The path to the US Coast Guard
Stephanie learned about Public Health Service as a career opportunity for pharmacists while on a rotation with the FDA in pharmacy school. Once commissioned, she worked for FDA, the Indian Health Service (at a Cherokee Indian Hospital in Cherokee, North Carolina), and finally the US Coast Guard. Her roles have ranged from project management/regulatory to clinical and logistical roles.
Serving aboard the USNS Comfort
In 2009, Stephanie served aboard the USNS Comfort (hospital ship) in Central America for about a month. According to her, “It was an awesome experience!” It was a humanitarian mission called, “Continuing Promise.” She served as a pharmacist both aboard the ship and in-country [Central America]. She dispensed medications to patients. Other healthcare professionals were also part of the mission. Oral surgeons helped cleft palate patients. Physicians, dentists, and optometrists cared for patients who had limited access to care. According to Stephanie, they were busy, long, hot, memorable days. It was one of the highlights of her career.
Non-government associations (NGO’s) offer civilians opportunities to go on mission trips. For more information, research Operation Smile and Project HOPE.
Every role has its challenges
One of the biggest challenges of Stephanie’s career was the COVID pandemic. She was working for the Indian Health Service in 2020 [as the pandemic started]. She worked with the tribal leaders and the leadership at her hospital to launch one of the first COVID testing sites in the US!
How does one succeed in the Public Health Service or the US Coast Guard as a pharmacist?
“Semper Gumby!” Be flexible, and go with the flow. Be fluid and able to fill in gaps.
Promotions and advancing rank
Pharmacists start with the rank of Lieutenant (LT). Stephanie is a Commander (CDR). Years of service, experience, training, paperwork, and meeting benchmarks are part of the promotion process. It’s competitive, and pharmacists compete against other pharmacists.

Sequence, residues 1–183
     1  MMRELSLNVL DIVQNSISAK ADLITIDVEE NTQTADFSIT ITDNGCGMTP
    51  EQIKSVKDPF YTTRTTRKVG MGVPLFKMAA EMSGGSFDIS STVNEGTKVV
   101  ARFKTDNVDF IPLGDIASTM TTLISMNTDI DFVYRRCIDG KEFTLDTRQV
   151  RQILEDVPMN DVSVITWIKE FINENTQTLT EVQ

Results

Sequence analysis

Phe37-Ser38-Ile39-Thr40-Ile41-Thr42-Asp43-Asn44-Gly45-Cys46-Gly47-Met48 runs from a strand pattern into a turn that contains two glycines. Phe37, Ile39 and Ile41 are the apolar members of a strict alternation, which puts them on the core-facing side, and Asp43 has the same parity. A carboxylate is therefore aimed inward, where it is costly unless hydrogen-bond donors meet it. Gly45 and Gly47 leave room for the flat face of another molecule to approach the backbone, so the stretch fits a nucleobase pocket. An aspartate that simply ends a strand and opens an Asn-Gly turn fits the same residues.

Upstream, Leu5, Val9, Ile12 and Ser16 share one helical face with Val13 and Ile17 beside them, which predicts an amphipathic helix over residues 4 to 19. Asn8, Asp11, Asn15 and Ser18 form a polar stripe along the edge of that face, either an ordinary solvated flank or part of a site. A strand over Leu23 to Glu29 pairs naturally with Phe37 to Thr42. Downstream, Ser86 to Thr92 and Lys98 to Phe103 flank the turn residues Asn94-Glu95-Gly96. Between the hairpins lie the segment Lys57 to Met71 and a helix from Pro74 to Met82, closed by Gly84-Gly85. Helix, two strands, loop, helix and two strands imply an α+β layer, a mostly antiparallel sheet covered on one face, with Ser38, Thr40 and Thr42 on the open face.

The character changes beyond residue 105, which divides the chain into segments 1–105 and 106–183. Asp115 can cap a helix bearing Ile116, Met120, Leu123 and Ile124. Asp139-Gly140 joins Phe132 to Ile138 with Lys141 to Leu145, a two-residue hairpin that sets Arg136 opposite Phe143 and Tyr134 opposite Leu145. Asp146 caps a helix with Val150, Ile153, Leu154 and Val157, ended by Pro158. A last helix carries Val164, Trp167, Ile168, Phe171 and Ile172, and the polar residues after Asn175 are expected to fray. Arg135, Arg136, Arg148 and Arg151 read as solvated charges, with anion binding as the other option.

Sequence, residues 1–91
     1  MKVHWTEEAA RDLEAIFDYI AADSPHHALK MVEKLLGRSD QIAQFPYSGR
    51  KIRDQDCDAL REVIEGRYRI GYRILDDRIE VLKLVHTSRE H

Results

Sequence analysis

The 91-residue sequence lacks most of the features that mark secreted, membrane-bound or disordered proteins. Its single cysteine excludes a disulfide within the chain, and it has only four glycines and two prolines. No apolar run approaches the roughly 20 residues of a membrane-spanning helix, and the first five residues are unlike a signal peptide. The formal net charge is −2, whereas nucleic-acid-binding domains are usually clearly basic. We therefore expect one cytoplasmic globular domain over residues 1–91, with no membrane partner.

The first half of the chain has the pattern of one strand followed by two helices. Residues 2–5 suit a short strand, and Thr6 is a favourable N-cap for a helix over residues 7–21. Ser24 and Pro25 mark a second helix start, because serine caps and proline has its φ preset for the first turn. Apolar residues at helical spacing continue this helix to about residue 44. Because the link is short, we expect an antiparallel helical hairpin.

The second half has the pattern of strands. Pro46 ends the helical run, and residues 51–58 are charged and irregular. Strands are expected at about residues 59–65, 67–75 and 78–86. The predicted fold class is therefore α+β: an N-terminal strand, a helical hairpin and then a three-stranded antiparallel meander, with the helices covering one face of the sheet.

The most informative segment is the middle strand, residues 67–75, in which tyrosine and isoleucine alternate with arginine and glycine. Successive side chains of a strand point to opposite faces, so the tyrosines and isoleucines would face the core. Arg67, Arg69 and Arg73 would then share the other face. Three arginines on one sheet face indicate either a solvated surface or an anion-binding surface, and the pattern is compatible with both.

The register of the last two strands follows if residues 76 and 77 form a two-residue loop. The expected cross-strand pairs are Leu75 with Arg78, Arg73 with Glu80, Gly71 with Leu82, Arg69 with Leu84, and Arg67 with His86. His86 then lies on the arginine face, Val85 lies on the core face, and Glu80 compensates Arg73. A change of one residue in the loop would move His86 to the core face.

Should pharmacists join the Public Health Service?
Stephanie highly recommends looking into the Public Health Service! There are a variety of settings (Coast Guard, FDA, etc) and roles (clinical, regulatory, etc) available. On-the-job training is provided.
My (Kim’s) thoughts on working with a PHS Pharmacist during a rotation in pharmacy school
I did an 8-week rotation at a Federal Correctional Institution with a PHS Pharmacist in 2001. It was a great experience. The medical staff worked as a team. As part of my rotation, I observed doctors, physician’s assistants, the dentist, and the pharmacist. All staff were creative and resourceful with treatments, especially the pharmacist, who had a limited formulary. I had a meaningful and busy 8-week rotation.
Advice for pharmacists (either new grads or currently-practicing pharmacists)
- Try to make the best of any situation or opportunity that you have.
- If you see somebody in a position that you wish you were in, “cold call” them, and reach out to them.
- Many pharmacists are willing to take a few minutes to help out a fellow pharmacist.
What’s next for CDR Stephanie Begansky?
As of Fall 2022, Stephanie has served 14.5 years. She plans to retire at her 20-year mark. What’s next? No plans yet.
Connect with Stephanie on LinkedIn, or contact her via email.
Thank you for listening to episode 187 of The Pharmacist’s Voice ® Podcast!